Monday, 28 January 2019

Why was FCA Action Taken against London Capital & Finance?

Updated 28 January 2019

A lot of concerned investors are asking why did the FCA act to stop LCF marketing their bonds and then stop the company from dealing in their assets and freeze their bank accounts?

The FCA have now released more information about the issues that led them to force LCF to remove their marketing and it boils down to how badly they have misled consumers with the bonds they were selling.

The information below was published on 9th January and has proved to be an accurate summary of why the FCA acted although I'd not spotted the invalid ISA issue. In addition I suspect that further to these reasons once LCF had got to the size of £200 million plus it was becoming too big to ignore. Guaranteed returns of 8% just aren't possible long term so FCA must have known that something was going on with the way LCF was operating and that's why they announced they were freezing the LCF assets and bank accounts. In order to generate 8% interest the capital has to be significantly at risk so investors expecting security will be disappointed. As these seem to constitute the majority of bondholders the FCA had to prevent the situation getting worse and prevent more sales.

More info on the promotion of high risk mini bonds here from Evening Standard

There are some good reasons why FCA may have acted

1) The LCF bonds were being marketed to retail investors without the risks being fully explained

LCF bonds were being promoted via third party websites claiming they were fixed rate ISAs alongside cash ISAs from banks. These bonds should never be sold to retail investors, they are only meant to be sold to high net worth or sophisticated investors who are aware of the risk involved.
 The LCF bonds were being marketed to retail investors without the risks being fully explained
The LCF bonds were being marketed to retail investors without the risks being fully explained
The bonds are very high risk investments with 100% loss of capital possible which was not outlined in the marketing although it was detailed in the memorandum issued. They are not savings accounts and have no FSCS protection. LCF had been reported to FSA and Advertising standards for over a year before FCA took action so maybe they finally realised they needed to act.

2) LCF were claiming to be FCA regulated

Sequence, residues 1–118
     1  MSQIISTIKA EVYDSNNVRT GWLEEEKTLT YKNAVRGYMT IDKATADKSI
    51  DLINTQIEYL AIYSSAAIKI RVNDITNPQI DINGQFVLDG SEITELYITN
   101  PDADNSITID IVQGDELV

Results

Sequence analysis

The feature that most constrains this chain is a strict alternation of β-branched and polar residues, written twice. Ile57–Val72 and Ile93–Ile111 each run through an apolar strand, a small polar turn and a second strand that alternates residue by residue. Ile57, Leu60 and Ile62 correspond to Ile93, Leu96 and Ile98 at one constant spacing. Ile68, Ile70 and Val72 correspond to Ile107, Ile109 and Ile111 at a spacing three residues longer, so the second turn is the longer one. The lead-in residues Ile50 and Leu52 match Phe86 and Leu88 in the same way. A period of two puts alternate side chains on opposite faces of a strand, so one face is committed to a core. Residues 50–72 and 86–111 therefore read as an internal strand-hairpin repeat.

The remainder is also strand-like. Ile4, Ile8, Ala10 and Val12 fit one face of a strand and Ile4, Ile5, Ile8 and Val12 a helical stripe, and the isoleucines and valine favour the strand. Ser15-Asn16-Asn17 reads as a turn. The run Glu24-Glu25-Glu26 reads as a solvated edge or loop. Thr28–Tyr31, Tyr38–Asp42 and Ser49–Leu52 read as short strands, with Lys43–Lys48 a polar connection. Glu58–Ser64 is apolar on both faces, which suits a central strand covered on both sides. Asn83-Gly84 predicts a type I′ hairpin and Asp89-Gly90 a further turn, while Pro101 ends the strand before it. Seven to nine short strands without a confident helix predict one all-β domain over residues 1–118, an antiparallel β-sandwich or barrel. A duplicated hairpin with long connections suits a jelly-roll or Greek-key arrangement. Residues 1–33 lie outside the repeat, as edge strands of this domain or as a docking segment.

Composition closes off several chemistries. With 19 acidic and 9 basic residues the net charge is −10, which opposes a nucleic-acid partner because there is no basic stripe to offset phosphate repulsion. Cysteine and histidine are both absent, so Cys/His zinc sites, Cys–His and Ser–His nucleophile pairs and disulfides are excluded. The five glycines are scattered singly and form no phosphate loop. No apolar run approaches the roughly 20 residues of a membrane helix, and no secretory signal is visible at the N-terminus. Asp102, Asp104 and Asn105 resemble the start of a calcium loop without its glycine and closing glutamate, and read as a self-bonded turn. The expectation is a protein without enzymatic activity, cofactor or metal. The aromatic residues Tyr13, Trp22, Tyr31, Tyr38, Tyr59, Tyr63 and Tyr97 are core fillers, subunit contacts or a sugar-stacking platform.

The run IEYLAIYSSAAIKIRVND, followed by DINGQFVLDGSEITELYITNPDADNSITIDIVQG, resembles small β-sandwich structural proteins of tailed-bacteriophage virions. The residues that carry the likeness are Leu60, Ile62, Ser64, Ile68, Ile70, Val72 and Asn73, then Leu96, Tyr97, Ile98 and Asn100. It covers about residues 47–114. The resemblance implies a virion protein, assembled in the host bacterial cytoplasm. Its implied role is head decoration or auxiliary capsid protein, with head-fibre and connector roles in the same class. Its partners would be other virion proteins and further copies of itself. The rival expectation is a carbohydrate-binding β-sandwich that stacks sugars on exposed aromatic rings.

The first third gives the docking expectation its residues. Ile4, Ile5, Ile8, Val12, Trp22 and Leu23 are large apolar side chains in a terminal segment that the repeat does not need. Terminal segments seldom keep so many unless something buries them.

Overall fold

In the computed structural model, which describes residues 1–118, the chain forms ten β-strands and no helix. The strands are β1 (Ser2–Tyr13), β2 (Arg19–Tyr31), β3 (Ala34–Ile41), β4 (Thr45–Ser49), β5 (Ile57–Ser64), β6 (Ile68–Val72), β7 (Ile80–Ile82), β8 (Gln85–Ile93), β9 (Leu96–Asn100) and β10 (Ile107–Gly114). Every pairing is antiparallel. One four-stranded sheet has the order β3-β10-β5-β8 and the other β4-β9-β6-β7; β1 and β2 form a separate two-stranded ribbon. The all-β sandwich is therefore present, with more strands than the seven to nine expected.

The marketing specified they were fully asset backed and FCA regulated which appeared designed to mislead investors. However the FCA regulated only applied to the lending side of the business and the bonds being sold were unregulated. Asset backed implied a level of security that was not there.

FCA may have believed that London Capital & Finance could no longer be allowed to get away with claiming something that was misleading investors to thinking the unregulated bond was actually regulated by FCA.

3) Could FCA have found the LCF lending business was breaching FCA regulations?

This is possibly speculation but it would tie in with the action that FCA have taken and the information that has been found by investors looking in to the tangled web of companies that LCF have been operating. FCA regulated lenders have to meet certain criteria for checking the borrowers and their ability to pay. If LCF have been lending to companies run by their own directors and companies that have just been created then they may be breaching regulations and certainly haven’t met the commitments that they made in the bond issue documentation.

In their accounts of 2017 (later accounts have been delayed from filing by LCF) it shows there were only 11 companies that were given loans. From the number of companies identified by various people it looks like most of these are linked to LCF.

4) Could FCA have found that new investors money was not being suitably ringfenced?

New investors money is meant to be kept in separate bank accounts and ringfenced from the assets of the LCF company. If this was being breached it may have caused FCA action. It's also possible that new client money was being used to pay interest payments to existing investors. This would be a really serious issue as it would indicate a ponzi or pyramid scheme.

5) Security Trustee issues

The details given to investors was that they were protected by an independent security trustee looking over their investment, GLOBAL SECURITY TRUSTEES LIMITED, Company number 09846126. This company does not appear to be independent as it is registered to the same address as London Capital & Finance and the director until recently was the same as LCF. The company is shown as dormant with only £100 of assets so it's unclear how it can take any action for investors especially as it has been run by the same directors.



6) Discovery of fraudulent activities

If the FCA discovered that activity was taking place that was not consistent with the LCF being authorised as a lender then they may have taken the action to protect new investors from being impacted. They may then refer the matter to the police or Serious Fraud office but this is speculation at present. Other mini bonds issued in similar situations have gone bust with investors losing their money as a result of fraud but we have no knowledge of this at present.

7) Breaches of Legal reporting requirements

LCF linked companies are definitely in breach of Companies House regulations with overdue accounts on several of them and some companies. LCF itself has repeatedly used an account filing loophole to avoid filing their most recent accounts for 2017 so there is the possibility that this was being done to cover up something untoward in the accounts.



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